Jenkins says if Woods wins another major “he’ll be the first guy that ever did it with three swings,” and doesn’t believe he’ll catch Jack Nicklaus.
“…The thing I always thought, and I don’t know if it’s true or not, but everybody wants to win and everyone says they want to win, but the great champions absolutely despised the idea of losing. I think that’s what Ben Hogan had, what Arnold had, Jack certainly had it. I frankly don’t know whether Tiger Woods has it or not because he has never had to come from behind. Every major he won he was in front and everyone, most of them, dropped dead.”
Colorado Rockies pitcher Jamie Moyer made history this week by becoming the oldest player to ever win a major league game. The 49-year-old lefthander donated his cap and glove to the National Baseball Hall of Fame and Museum in Cooperstown, and now they want to give him something in return: an internship.
Following his historic win over the San Diego Padres on Tuesday, Moyer told reporters, “I kind of wish I was a baseball historian.”
Well, the Hall of Fame has offered him a spot in the Museum’s Steele Internship Program. Of course, Moyer actually would have to retire to become eligible for the internship.
“Jamie Moyer has proven that age is truly just a number,” said Brad Horn, senior director for communications and education at the National Baseball Hall of Fame and Museum. “By winning a game at the age of 49 years and 150 days, he’s broken a long-standing record in baseball history. But even more noteworthy in his performance is that Jamie has expressed a desire to become a baseball historian. Through our annual Frank and Peggy Steele Internship Program, we are providing learning foundations and educational opportunities to future leaders in baseball research, among many other Museum and baseball disciplines.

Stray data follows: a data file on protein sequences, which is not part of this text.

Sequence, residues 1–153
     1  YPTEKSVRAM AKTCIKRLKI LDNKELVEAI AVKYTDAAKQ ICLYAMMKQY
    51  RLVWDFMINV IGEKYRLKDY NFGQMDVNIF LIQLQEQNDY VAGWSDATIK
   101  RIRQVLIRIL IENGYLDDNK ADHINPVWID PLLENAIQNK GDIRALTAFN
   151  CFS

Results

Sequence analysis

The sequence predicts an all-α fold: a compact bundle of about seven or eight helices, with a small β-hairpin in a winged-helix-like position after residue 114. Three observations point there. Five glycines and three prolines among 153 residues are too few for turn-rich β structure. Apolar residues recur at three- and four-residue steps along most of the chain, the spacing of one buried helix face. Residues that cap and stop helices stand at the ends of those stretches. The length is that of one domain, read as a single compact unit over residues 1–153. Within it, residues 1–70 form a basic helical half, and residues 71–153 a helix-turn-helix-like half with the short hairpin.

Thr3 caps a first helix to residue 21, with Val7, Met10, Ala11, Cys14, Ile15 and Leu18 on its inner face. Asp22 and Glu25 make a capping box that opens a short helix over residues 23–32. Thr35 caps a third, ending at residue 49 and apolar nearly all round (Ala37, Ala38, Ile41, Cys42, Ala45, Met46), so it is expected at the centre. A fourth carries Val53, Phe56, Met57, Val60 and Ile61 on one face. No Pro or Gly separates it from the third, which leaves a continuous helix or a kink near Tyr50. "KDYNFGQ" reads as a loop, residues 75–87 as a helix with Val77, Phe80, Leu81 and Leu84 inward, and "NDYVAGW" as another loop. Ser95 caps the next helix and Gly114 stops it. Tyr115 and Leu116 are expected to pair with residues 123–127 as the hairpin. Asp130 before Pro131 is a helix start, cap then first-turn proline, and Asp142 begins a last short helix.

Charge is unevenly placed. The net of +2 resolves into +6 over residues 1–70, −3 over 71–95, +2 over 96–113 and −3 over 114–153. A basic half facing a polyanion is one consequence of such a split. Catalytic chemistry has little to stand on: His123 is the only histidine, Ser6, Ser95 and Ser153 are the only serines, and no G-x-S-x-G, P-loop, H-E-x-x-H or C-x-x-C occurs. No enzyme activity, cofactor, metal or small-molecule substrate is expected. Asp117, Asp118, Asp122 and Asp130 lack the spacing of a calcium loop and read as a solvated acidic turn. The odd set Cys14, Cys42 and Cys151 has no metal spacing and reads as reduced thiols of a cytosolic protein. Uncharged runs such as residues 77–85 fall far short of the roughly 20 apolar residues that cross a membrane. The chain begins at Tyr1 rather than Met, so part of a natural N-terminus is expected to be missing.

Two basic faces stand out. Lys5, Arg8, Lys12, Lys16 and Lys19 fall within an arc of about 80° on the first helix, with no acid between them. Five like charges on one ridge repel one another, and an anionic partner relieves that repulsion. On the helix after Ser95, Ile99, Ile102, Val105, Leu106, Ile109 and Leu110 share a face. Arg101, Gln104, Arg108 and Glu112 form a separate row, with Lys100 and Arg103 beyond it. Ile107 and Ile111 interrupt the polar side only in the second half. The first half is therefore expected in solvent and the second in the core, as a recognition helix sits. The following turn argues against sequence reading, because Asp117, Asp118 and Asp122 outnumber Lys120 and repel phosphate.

“Jamie certainly has shown the dedication we look for in our program’s candidates, and we believe that Jamie has the stuff necessary to make it as a Hall of Fame historian, with a little hard work and perseverance.”
During his 25-season major league career, he is 268-206 with a 4.23 ERA.